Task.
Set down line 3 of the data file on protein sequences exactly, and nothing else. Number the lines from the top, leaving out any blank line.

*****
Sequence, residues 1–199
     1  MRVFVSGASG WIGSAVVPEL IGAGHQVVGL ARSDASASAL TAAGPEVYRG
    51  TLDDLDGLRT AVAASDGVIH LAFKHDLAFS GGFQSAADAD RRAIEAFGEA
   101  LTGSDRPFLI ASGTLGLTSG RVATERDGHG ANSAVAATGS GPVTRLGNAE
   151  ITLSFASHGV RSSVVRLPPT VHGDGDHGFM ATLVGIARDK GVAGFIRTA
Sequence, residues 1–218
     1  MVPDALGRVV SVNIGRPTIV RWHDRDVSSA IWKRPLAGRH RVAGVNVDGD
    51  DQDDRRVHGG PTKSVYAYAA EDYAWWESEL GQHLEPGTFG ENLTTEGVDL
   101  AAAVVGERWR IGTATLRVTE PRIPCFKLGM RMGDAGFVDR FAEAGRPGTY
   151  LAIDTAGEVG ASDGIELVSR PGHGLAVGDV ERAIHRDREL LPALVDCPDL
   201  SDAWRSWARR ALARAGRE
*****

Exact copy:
    51  TLDDLDGLRT AVAASDGVIH LAFKHDLAFS GGFQSAADAD RRAIEAFGEA